By Sabina Trench, Career Coach, Sli Nua Careers
‘Job hopper’ is a term used to describe people with a chequered employment history – several jobs of short duration within a relatively short space of time. Does this sound like
you? If so, it may be holding you back from securing your next employment opportunity, writes SABINA TRENCH, CAREER COACH, SLI NUA CAREERS. So how can you present a lot of different jobs on your CV while avoiding the ‘job hopper’ tag?
Your personal statement at the start of your CV provides an opportunity to depict a cohesive career. For example, six years sales and marketing experience with a further four years in customer service sounds solid, and clearly and concisely groups ten years’ employment, regardless of the number of jobs or positions held. Another strategy is to explain the reason for leaving at the end of each job. This is commonplace on many application forms, and often there is a very valid reason for moving on.
Maybe it was a contract position; you left to travel overseas; or, as was the case for many people, you were made redundant. If you have had a series of contract positions, it is probably worth grouping all of those under one contract work heading. The benefits of this are two-fold: it helps to combine several years together and saves on precious CV space. I also suggest that you only use years instead of months and years for each job. For example, 2004 to 2006 sounds like two years, even if you did leave in May of the second year. I would also recommend omitting very short-term positions that lasted only a few weeks or months.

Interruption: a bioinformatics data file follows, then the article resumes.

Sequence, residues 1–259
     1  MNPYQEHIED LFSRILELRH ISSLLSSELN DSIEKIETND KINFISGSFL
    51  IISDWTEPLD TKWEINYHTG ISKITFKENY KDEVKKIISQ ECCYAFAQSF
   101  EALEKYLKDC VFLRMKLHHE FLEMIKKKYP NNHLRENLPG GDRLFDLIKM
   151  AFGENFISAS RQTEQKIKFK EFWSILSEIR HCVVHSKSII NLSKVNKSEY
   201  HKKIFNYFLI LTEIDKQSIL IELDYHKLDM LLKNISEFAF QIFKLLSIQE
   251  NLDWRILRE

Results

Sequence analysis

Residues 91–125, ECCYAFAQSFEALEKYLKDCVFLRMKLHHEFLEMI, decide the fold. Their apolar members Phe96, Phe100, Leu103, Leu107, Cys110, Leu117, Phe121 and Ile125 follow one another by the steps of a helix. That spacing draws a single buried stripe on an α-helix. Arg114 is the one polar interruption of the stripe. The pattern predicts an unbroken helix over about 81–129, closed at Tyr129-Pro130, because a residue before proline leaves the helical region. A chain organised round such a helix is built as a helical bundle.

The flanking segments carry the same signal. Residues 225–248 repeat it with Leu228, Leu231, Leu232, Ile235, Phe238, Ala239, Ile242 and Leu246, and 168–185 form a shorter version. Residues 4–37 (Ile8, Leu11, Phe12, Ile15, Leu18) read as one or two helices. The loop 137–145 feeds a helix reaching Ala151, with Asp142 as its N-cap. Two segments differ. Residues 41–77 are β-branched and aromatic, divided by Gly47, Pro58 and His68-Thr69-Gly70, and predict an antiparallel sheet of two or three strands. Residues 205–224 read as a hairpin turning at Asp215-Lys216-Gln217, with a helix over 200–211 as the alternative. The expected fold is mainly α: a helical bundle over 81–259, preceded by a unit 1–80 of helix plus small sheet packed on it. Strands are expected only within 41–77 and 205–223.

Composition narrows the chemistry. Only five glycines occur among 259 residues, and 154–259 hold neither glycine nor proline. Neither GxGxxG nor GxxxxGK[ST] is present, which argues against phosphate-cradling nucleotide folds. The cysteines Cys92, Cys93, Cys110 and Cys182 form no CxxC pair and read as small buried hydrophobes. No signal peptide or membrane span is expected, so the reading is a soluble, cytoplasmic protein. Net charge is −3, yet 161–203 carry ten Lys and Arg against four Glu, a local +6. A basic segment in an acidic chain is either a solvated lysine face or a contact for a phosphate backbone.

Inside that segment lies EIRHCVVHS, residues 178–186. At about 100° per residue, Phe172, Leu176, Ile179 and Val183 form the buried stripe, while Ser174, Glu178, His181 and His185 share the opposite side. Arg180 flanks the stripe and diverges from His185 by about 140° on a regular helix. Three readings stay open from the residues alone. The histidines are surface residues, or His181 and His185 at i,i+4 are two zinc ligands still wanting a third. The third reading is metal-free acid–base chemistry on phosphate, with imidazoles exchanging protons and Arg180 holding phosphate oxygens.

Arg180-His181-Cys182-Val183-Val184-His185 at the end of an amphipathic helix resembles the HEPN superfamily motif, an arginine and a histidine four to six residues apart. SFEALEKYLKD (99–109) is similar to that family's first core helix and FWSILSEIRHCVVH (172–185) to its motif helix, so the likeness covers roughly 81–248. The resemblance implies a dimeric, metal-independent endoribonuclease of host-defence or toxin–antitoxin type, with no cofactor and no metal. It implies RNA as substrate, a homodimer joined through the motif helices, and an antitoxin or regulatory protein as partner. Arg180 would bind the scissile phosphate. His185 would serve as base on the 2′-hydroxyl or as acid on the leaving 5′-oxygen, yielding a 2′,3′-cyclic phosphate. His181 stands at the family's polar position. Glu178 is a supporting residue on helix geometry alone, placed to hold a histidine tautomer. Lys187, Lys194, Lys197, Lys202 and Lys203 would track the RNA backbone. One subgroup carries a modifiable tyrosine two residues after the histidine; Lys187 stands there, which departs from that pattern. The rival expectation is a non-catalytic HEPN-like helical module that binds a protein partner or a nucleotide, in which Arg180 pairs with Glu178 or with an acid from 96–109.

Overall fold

You may be asked to expand on these dates in an interview situation, but at least you are in the door, which is a step further that you may be today. Using the traditional CV layout where you simply list jobs may set alarm bells ringing for potential employers. Why hasn’t this person stayed with anyone for more than two years? Why so many different jobs?
I recommend using a skills-based CV where you present all of the transferable skills you have accumulated from your previous jobs on the first page of the CV. For example skills such as ability to meet targets, customer service or proficiency on computers are just some of the things you might like to highlight in this way. Of course, you should only include those skills that are most relevant to the job opportunity at hand.
This approach works well in that it re-focuses your CV from the quantity of jobs in your past to the qualities you bring as a potential employee. It also ensures that you don’t lose the valuable experience you have gained from a varied work history. Finally, don’t miss the opportunity to use your cover letter to explain your mixed career. Take time to craft a letter that shows how your wide-ranging work experience is evidence of your versatility, high comfort level when it comes to change, and willingness to learn and re-train.
You can’t turn back the clock, but you can certainly paint a different face on it. So embrace your unique career and use it to your advantage by re-working your CV today.
Sabina Trench is a Career Coach with Sli Nua Careers, who have offices in Galway, Dublin, Limerick, Athlone, Sligo and Mayo, plus a full online service. Their services include CV preparation, interview training, personal statements and application forms.